Masturbation Addiction – Emotional/Spiritual Aspects
Masturbation, by its very nature, is a selfish act. Since you are having sex with yourself, there is no need to please anyone else. The emotional nature tends to follow the same course. As sex becomes little more than another way to meet your own physical needs, the tendency is to ignore the emotional needs of your spouse as well. She becomes nothing more than an object for your sexual satisfaction. In my own marriage, this led to a point where I didn’t need my wife physically or emotionally, so I started to completely shut down from her. This led to separation and divorce after 13 years of marriage.
Many people are quick to point out that masturbation is not specifically mentioned in the Bible, so there must not be anything wrong with it. Some would point to the story of Onan in Genesis 38:8-10 as an example of masturbation being condemned in the Bible. However, in the context, it can be argued that Onan’s wickedness stems from his refusal to provide his deceased brother with an heir. It took Jesus’ radical statement in Matthew 5:28 to show the sinful nature of masturbation: “But I tell you that anyone that looks at a woman lustfully has already committed adultery in his heart.” Since masturbation is nearly always accompanied by lustful thoughts, by Jesus’ words it is the same as adultery, which is most definitely a sin.
Masturbation Addiction – How do I Know if I’m Addicted?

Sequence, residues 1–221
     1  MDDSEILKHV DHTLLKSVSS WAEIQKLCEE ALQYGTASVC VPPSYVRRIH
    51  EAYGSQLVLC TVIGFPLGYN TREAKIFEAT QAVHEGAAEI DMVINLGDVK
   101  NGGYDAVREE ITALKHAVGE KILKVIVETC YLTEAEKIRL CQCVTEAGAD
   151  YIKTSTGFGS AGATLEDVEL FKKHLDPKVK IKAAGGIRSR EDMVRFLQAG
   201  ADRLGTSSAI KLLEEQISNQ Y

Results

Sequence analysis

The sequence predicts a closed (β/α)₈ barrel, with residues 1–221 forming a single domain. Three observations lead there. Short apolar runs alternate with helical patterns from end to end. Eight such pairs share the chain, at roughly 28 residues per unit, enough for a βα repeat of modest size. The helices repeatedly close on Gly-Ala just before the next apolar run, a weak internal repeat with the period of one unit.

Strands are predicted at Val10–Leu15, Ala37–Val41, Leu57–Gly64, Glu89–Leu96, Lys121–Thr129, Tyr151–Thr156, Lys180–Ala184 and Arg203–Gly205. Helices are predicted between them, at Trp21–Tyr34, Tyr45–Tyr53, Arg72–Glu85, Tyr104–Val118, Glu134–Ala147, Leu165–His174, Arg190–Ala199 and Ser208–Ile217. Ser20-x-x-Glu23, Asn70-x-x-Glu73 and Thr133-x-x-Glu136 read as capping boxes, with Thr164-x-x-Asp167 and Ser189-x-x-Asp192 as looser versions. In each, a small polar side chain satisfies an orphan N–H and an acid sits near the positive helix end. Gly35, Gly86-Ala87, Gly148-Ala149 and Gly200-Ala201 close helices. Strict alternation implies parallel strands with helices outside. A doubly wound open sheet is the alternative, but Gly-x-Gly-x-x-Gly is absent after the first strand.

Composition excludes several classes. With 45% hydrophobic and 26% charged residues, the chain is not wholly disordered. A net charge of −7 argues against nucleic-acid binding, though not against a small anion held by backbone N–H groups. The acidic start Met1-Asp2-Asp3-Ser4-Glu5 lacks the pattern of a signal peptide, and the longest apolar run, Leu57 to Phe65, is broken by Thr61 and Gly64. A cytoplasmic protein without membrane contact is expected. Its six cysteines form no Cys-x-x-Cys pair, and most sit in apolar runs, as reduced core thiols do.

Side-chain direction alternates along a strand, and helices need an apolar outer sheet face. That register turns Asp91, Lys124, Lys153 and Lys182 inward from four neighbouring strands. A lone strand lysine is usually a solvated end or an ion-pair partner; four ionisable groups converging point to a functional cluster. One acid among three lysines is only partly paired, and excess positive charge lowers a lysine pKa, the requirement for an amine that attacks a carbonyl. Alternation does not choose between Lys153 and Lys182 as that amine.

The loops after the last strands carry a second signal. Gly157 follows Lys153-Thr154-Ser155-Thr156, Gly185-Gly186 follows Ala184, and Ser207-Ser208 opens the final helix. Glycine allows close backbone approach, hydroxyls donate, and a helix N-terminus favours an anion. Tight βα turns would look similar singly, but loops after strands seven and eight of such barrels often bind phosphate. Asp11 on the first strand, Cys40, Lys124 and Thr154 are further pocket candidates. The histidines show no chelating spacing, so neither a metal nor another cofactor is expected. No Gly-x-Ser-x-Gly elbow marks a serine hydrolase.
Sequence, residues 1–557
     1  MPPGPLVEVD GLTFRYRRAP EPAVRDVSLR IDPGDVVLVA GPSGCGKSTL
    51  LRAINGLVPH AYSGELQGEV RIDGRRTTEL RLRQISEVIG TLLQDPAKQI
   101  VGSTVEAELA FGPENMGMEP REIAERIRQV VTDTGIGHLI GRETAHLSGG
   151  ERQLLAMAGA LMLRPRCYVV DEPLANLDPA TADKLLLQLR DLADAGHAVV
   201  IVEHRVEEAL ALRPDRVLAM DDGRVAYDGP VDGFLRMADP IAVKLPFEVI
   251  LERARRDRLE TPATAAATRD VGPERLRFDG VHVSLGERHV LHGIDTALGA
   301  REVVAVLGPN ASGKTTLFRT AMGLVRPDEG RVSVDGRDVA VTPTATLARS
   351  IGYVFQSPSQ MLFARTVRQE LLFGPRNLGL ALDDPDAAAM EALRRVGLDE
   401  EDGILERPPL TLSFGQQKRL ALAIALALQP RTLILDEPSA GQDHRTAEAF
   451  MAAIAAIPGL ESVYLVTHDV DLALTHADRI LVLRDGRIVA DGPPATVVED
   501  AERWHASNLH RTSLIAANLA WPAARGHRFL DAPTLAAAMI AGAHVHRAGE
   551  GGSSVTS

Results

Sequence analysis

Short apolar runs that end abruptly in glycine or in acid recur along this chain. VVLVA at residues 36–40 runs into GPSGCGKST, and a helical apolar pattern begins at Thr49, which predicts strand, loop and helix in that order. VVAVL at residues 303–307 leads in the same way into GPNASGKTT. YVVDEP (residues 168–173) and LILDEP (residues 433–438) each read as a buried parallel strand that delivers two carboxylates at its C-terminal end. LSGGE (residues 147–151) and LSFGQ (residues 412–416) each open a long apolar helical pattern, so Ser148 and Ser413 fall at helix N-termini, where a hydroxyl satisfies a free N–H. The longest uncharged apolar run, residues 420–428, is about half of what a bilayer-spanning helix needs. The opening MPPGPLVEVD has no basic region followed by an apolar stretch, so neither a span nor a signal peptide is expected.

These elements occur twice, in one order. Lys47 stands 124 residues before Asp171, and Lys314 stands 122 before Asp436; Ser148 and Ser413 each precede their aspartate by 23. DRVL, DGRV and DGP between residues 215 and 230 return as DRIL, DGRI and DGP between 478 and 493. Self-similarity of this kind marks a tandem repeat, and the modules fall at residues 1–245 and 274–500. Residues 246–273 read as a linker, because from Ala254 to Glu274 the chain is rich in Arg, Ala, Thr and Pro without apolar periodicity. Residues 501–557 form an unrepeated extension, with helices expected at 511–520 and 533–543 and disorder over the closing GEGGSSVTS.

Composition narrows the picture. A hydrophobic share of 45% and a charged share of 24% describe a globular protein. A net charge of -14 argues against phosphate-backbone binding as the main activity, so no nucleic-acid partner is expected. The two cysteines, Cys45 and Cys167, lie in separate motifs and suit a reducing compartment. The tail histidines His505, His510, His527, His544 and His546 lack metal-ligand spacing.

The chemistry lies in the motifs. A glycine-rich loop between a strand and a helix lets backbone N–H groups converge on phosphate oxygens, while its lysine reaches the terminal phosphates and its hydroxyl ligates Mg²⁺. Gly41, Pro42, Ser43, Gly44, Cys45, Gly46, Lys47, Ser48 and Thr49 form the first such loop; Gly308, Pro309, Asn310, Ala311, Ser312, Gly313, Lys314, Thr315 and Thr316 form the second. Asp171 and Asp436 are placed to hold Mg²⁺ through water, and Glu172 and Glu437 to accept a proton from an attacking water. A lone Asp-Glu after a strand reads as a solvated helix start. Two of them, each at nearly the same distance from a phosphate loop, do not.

The easiest way to tell if you have an addiction to masturbation would be to stop. Try to abstain from masturbation, or any other form of sex outside of marriage, for 30 days. If you are able to go this long without masturbating on your first try, you are probably not addicted. However, you may want to consider quitting anyway for the sake of your relationships. If, like me, you find yourself barely able to go more than two or three days, you appear to have an addiction problem. Since masturbation affects the body, soul, and spirit; recovery must take place in all three areas. The physical recovery involves abstinence. We’ve already mentioned above that this is a difficult or impossible thing on our own. So we need the emotional support that can only come from reaching out to other people for accountability. This could include counselling with a Christian counsellor experienced in sexual addiction issues. This can be a frightening step, in that masturbation addiction tends to be a secret sin, and there is a feeling of shame in admitting this struggle. And that feeling of shame can also keep us from asking forgiveness from the One who gives it freely. But that spiritual healing and renewal is a critical part of the recovery process.